Now, this might all be just a matter of design and not symbolic at all. In writing we have a meme that goes like this:
“What the text said: The curtains were blue.”
“What the lit professor said: The blue curtains symbolize the character’s depressed mood state.”
“What the author said: The curtains were fucking blue.”
Utena and Anthy are opposites in so many ways: Utena is mannish, tall, athletic – she can jam a basketball! – assertive, passionate; Anthy is feminine, short, (whatever the opposite of athletic is), passive, repressed. Since they are opposites in many ways, another way they may be opposites is in skin color. But we don’t know.
Also, Anthy has a caste mark on her forehead: I suspect we’re supposed to think she’s Indian (as from India). But she’s still the darkest member of the cast, her and Akio.
What I don’t know is whether it’s deliberate. Is it an accident or a statement about slavery? If it isn’t about slavery, why is she a woman of color? If it is, why are the Japanese making it? I mean, the Koreans and the Chinese and the Filipinos will be among the first to tell you that their experiences with the Japanese suggest that someone regarded themselves as racially superior to other people, at least back in the middle of the last century. (The Indians weren’t all that impressed with Japanese tolerance, either.)
So is Anthy supposed to remind us of slavery?
There’s something else I’m having problems figuring out.
In battle Anthy is the container of Sword of Dios. Part of this ties back to the Anthy as slave idea; when duels are fought, she places roses on the competitors, but then her current “owner” draws the Sword of Dios from her. This reduces her to an object, a scabbard, which reinforces for me her identity as an object, as property.
But watch the process: she leans back, eyes closed, back arched, as though in orgasm. The (long) sword is drawn from between her breasts, and regardless of the drawer, becomes an excellent phallic symbol.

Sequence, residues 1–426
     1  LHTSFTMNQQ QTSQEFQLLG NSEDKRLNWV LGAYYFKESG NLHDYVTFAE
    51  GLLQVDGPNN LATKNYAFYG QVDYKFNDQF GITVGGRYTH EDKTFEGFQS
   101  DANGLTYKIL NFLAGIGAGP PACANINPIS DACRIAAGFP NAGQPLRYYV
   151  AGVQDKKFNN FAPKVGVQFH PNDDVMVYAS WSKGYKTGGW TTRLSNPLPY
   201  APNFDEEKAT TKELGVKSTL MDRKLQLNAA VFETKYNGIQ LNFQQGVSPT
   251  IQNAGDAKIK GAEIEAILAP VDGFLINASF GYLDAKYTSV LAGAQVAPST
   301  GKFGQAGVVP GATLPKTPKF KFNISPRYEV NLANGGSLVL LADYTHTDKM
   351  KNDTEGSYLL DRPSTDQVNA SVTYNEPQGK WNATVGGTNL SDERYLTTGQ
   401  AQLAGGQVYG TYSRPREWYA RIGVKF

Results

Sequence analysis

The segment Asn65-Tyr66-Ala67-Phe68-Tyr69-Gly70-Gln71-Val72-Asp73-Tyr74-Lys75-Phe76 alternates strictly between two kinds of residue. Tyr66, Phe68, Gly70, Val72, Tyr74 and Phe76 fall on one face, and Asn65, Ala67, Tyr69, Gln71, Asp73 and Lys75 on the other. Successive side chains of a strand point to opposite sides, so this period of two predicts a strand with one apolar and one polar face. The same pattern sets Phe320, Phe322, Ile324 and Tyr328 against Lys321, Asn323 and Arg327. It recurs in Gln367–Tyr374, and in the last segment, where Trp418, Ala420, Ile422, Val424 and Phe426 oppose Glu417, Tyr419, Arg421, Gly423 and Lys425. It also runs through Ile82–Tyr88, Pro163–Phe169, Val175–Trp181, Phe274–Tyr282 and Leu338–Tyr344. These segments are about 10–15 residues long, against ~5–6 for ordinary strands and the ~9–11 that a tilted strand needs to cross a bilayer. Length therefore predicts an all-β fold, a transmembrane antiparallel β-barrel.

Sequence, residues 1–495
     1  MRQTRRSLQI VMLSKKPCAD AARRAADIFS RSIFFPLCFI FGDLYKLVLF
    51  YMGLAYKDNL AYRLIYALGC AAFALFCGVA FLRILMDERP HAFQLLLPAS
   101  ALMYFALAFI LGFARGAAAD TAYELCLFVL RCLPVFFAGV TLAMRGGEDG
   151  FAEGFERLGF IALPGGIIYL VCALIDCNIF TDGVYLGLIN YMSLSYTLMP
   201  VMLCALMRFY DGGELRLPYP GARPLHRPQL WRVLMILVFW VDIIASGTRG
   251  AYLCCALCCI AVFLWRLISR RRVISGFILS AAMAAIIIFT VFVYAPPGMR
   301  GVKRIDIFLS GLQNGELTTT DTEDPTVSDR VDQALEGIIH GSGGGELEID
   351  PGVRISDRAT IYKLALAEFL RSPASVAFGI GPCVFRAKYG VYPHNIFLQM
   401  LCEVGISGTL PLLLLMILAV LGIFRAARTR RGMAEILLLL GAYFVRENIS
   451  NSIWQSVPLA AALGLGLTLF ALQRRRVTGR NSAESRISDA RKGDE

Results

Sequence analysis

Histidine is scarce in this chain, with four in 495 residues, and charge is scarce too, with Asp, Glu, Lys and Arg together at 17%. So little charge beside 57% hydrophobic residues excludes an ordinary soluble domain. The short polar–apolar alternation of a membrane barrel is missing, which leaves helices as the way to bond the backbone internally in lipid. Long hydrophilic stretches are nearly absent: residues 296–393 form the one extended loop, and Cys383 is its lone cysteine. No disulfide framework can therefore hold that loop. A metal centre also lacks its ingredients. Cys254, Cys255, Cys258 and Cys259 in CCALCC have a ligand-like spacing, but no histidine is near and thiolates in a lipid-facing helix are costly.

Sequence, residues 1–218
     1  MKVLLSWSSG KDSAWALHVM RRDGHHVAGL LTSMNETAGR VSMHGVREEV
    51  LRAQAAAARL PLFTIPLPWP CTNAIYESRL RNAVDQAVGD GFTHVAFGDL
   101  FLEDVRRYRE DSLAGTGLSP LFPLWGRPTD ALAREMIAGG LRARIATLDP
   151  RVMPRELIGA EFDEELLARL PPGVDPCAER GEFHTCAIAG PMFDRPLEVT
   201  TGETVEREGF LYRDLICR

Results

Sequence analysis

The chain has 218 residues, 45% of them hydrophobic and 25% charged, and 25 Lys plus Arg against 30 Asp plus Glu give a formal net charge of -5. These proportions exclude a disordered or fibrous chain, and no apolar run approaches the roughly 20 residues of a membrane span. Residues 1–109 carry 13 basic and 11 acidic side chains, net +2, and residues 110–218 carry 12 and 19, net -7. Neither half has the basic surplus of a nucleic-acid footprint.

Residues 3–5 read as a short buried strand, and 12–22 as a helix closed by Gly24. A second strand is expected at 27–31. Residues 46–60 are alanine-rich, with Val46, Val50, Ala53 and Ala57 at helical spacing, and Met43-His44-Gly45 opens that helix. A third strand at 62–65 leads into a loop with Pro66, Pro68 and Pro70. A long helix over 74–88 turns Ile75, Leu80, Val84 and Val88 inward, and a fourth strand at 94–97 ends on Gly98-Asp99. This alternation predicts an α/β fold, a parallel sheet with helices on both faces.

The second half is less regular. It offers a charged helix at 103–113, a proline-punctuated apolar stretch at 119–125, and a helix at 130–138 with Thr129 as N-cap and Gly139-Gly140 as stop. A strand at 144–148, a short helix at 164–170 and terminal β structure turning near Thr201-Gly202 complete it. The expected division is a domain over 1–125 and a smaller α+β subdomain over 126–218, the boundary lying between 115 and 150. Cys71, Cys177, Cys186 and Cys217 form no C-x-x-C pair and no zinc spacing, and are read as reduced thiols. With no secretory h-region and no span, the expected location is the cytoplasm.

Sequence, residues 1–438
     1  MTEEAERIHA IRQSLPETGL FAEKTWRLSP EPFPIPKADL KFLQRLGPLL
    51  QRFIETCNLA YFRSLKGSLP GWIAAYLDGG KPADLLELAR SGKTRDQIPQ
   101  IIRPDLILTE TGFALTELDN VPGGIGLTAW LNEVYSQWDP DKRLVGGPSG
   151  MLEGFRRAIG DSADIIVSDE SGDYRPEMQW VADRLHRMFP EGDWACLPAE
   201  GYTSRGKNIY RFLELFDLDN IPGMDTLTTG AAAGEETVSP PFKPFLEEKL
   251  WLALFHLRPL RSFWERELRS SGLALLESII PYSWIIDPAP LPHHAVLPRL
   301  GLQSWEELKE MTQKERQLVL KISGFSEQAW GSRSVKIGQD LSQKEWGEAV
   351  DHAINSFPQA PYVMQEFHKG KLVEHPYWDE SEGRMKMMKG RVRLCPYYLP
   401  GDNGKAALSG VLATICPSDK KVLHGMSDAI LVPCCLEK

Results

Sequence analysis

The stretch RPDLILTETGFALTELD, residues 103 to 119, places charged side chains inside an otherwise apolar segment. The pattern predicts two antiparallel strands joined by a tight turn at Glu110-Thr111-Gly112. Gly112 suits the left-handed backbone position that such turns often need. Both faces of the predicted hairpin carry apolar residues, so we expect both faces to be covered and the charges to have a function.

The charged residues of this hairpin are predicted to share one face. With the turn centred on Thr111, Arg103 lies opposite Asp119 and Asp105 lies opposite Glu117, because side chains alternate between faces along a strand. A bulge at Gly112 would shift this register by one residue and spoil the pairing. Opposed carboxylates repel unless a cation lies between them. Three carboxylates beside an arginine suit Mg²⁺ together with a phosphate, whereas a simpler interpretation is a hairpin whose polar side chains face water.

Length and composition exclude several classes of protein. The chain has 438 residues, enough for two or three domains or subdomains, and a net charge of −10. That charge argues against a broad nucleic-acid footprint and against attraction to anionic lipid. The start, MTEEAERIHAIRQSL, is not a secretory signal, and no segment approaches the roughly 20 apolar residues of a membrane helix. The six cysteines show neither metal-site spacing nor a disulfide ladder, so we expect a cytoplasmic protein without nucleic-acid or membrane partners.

Anthy is a sex toy, fucked by the Sword of Dios (not to mention whomever she’s “married” to when not dueling). Pardon my French, but there’s no better word. There’s no indication that any of the guys loves her. She’s a prize and treated as an object, a sex object in this case.
How Utena treats Anthy is a separate question. It is very clear that, except when she needs the sword, she regards Anthy as a person, not a thing, and wishes her to follow her own dreams instead of the dictates of the Rose Bride role. At points late in the series Anthy draws the sword from Utena using the identical sexual imagery, so we are clearly to know they are lovers in the sexual, if not romantic, sense, and later on Utena becomes the vehicle of Anthy’s freedom, (literally so in Adolescence where Utena changes into a car(!!) driven by Anthy).
At the same time, though, when Utena needs the sword, Anthy lies back and thinks of England.
And she’s black.
To me it keeps coming back to the one question that has to be answered, and that is this: Why is Anthy black? What is it supposed to mean that she is? Because if it’s deliberate, it’s a powerful, and nasty, statement.
The next time someone tells you anime is just cartoons and cartoons are for kids, introduce them to Anthy Himemiya.
I always look at comments and feedback, and I’m sure I’m not the first to see what I’ve seen, so have at it. Just keep it clean and keep it on target…no personal attacks, okay? Thanks.
* Those of you from outside the US may not be aware that several early American Presidents were slaveholders, and that one of them, Thomas Jefferson, had a number of children by his slave mistress, Sally Hemmings. This has been proven by DNA analysis, and I think it says a lot that in this day his descendants, white and black, all accept each other.